by William P. Young
This story begins with one of a parent's worst nightmares, the abduction of his/her child. Unfortunately, the abduction of Mackenzie "Mack" Allen Phillips' daughter Missy in the Oregon wilderness early in "The Shack" lacks punch and drama because it's badly lost in a tediously narrated account of a camping trip filled with mundane detail and awkward pacing.
However, readers who can plough through this badly handled material will be rewarded many times over by the time Mack makes his pilgrimage to the isolated cabin where his daughter was murdered. Here he finds waiting for him the Father, Son, and Holy Spirit. What a joyous and inventive story "The Shack" becomes as the dialogues begin. Those who want to argue theology are having their say about this, suggesting that the understandable, sensible ideas are in fact dangerous, luring readers into false doctrines and lives of error.
Nonsense! "The Shack" is fiction and readers are not easily brainwashed. I found this material so compelling, that I found myself jealous that I know of no mountain cabin where I can have such experiences first hand. This is, when all is said and done, a powerful book with a few storytelling flaws most readers will easily forgive.
Malcolm R. Campbell
Originally posted at Amazon.com; reprinted with permission from the author.
There is a fair bit of controversy in the Christian community about the nature of the things expressed (or is it "taught"?) in William Paul Young's novel, The Shack. It sort of reminds me of the kinds of things people said about some of Frank Peretti's novels way back in the day — how they supposedly expressed a dangerous sort of theology if taken too literally, and things like that. I have never quite understood that sort of thinking. After all, these books are novels, and the genre necessarily means they are not to be taken literally. They are fictional tales, and whatever "theology" is expressed is done so in something of a veiled manner. It is what some people have called "lying to tell the truth." You make up a story to try to uncover truths... but that doesn't mean the stories are meant to be taken literally or to depict in concrete terms how things work in our day in, day out lives. Rather, they are pictures. Reflections. Shadows. Imperfect? Yes. But perhaps more capable of expression because of their imperfections.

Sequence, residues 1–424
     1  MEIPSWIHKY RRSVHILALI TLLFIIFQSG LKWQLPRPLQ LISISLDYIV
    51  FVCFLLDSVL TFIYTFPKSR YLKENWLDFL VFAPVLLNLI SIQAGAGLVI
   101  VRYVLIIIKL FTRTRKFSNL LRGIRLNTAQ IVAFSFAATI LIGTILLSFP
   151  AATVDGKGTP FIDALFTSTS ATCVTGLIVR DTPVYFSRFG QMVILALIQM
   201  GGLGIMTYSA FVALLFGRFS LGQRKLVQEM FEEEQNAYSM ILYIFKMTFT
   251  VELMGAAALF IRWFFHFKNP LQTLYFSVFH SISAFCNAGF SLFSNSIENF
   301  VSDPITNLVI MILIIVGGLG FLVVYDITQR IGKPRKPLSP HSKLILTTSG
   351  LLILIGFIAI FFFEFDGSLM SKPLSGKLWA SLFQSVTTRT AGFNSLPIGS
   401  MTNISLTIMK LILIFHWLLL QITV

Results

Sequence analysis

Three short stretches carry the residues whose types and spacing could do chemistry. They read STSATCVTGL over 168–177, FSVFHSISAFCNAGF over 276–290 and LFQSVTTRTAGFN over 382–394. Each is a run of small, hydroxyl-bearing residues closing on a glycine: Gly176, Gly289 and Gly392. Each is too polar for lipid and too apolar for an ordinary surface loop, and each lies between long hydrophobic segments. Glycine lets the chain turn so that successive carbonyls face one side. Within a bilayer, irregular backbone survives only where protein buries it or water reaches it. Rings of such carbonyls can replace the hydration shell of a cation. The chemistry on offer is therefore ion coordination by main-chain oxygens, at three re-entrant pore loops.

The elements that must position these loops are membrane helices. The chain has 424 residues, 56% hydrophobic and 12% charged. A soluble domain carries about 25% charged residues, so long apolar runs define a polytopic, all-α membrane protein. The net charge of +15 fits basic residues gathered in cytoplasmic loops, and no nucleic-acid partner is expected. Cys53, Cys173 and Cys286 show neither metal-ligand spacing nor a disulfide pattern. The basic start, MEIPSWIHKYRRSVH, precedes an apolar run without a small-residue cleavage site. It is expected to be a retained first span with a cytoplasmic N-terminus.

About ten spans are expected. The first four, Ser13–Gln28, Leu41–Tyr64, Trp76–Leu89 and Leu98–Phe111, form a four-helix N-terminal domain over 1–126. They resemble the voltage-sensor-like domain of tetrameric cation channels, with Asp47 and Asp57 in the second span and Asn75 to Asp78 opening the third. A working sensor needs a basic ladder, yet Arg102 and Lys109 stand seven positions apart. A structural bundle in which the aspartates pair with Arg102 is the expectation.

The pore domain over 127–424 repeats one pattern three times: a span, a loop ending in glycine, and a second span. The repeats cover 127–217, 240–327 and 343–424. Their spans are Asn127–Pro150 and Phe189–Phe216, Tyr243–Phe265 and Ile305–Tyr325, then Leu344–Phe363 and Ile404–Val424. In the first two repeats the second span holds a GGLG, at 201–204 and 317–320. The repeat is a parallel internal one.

So, what does this novel have to offer, then? Well, first of all, it is a good read. The story and dialogue are engaging, and the characters are the sort you will start to care about. The characters move about in situations that we know from the very beginning are going to be uncomfortable, but I actually found that the narrative never actually gets to be too stomach-turning (contrary to what I had been told by 2 readers who had recommended the book to me). In fact, there is nothing in the book that is as gruesome or explicit as a weekly episode of, say, Law & Order or CSI. The book is about a difficult topic, but it is not depicted in an especially graphic way. If anything, I would say it treads quite lightly on the subject of the horrors that are all too real in today's society, giving those hard realities a rather gentle treatment.